Samuel was then transferred to the deportation room at the airport, where he filed a suit with the nation's administrative court to fight the immigration office's decision, with the help of refugee advocate organisation NANCEN. While waiting for the result, he had no choice but to live at the facility designed only for a short-term stay.

"If I didn't have problems back home, I would have never stayed in the hell-like place for a single second. No one can stay that long under such appalling conditions." Samuel said. "But I couldn't go back. I would have been killed."

An official from the Justice Ministry told The Korea Herald that the room is equipped with things needed for basic living, dismissing Samuel's claims as "untrue."

But it has refused to allow access to the media, citing "security reasons." The Justice Ministry also said that no one was forced to stay at the facility.

"We keep it open to anyone who wishes to come in and stay. They can leave the facility and return freely," said a spokesperson for the ministry.

Yet, Kim Yeon-joo, a human rights lawyer and NANCEN activist representing Samuel, called the deportation room "a de facto detention centre," given the asylum seekers have nowhere else to stay.

Some of the long-term residents there reportedly fell ill due to sleep deprivation, poor quality of food and lack of sanitation, but they had no access to medicine.

"Without any access to legal counsel or the outside world, the lives of the asylum seekers at the deportation facility are in the hands of airport security guards," the lawyer Kim said. "But their illnesses are ignored until they show visible symptoms like seizures."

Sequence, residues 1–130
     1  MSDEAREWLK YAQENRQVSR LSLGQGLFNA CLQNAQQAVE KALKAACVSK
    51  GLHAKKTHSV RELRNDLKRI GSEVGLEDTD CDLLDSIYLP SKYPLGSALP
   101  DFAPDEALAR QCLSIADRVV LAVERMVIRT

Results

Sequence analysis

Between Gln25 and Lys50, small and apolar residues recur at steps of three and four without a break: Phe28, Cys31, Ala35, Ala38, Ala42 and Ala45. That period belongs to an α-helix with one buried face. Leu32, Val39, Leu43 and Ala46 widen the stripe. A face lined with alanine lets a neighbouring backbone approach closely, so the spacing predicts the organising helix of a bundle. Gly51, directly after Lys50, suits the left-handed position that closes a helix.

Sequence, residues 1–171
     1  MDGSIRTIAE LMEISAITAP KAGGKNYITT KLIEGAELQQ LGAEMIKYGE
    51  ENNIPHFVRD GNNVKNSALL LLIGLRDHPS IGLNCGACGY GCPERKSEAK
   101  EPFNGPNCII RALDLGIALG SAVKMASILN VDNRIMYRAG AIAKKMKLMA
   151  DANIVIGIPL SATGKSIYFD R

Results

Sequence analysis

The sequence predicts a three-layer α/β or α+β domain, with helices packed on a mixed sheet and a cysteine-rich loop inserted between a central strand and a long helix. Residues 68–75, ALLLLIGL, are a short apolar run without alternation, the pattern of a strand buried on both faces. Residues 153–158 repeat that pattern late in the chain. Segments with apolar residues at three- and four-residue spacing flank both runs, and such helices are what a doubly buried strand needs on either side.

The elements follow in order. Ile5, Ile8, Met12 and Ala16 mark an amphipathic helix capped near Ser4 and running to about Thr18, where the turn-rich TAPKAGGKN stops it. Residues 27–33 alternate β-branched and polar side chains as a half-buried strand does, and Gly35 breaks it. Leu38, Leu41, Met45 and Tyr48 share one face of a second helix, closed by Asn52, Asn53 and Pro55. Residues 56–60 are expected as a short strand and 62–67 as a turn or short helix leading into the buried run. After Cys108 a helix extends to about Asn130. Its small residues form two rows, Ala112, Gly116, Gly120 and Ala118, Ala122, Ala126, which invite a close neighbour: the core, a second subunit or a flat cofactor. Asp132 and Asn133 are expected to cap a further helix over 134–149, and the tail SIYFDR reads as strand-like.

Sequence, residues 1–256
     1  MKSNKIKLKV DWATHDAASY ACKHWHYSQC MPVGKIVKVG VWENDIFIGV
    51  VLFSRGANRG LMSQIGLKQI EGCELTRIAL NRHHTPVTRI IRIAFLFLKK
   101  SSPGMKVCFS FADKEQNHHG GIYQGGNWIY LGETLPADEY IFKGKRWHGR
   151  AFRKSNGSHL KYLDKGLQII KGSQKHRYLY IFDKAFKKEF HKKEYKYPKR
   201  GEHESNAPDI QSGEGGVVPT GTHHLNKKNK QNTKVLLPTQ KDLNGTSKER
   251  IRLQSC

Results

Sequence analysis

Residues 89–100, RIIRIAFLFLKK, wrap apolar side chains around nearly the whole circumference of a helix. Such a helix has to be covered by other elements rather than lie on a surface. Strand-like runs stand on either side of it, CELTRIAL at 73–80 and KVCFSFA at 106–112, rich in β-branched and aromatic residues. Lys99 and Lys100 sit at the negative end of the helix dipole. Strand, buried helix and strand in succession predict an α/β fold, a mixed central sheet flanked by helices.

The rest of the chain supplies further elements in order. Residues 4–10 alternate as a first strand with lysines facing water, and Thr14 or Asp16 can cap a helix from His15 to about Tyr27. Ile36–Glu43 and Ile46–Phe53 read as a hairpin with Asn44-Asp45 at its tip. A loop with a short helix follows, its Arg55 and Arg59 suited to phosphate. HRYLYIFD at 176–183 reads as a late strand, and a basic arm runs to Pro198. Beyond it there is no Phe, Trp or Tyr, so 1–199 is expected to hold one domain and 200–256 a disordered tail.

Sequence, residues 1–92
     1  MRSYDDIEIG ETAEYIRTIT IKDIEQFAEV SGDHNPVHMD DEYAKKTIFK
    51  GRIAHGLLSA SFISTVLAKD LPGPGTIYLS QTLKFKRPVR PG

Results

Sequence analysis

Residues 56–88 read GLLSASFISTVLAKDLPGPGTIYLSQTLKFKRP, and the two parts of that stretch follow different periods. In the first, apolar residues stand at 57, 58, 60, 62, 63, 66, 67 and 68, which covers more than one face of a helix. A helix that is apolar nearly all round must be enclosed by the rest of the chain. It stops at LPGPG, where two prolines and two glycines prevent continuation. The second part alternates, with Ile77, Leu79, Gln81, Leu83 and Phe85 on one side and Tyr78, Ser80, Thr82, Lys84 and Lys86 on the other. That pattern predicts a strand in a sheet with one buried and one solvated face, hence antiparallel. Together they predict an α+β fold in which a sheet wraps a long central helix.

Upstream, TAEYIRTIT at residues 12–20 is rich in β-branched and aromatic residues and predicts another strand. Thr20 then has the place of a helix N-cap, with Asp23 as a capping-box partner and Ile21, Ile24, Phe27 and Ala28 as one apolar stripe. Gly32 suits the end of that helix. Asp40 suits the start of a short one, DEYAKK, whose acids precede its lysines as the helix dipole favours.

Such human rights violations shed light on the legal limbo in which asylum seekers are being kicked around by the government and airlines who seek to shift responsibility onto each other for the unexpected long-term residents.

Under the Convention on International Civil Aviation, airlines that flew the deportees without properly checking documents should cover the costs of looking after them until they return to their countries.

The Korean immigration law, meanwhile, stipulates that all deportees should be the responsibility of the Airport Operators Committee, a group of airlines managing and operating the deportation room.

An airport official told The Korea Herald on condition of anonymity that the company is baffled by the rising number of those staying at the deportation room for a long time and tries to return them to their countries as soon as possible.

"But the asylum seekers stuck in the deportation room should also be protected by the government within the legal framework," Kim said. "It should be the government's responsibility, not the companies, to take care of them."

Samuel finally stepped onto Korean soil in October ― the government considers the security zone of the airport to have a different status ― after the court ruled in his favour, saying the immigration office had no authority to decide whether to begin the process of refugee application. It also added that the decision to deprive asylum seekers of the chance to claim asylum should only be made in exceptional cases.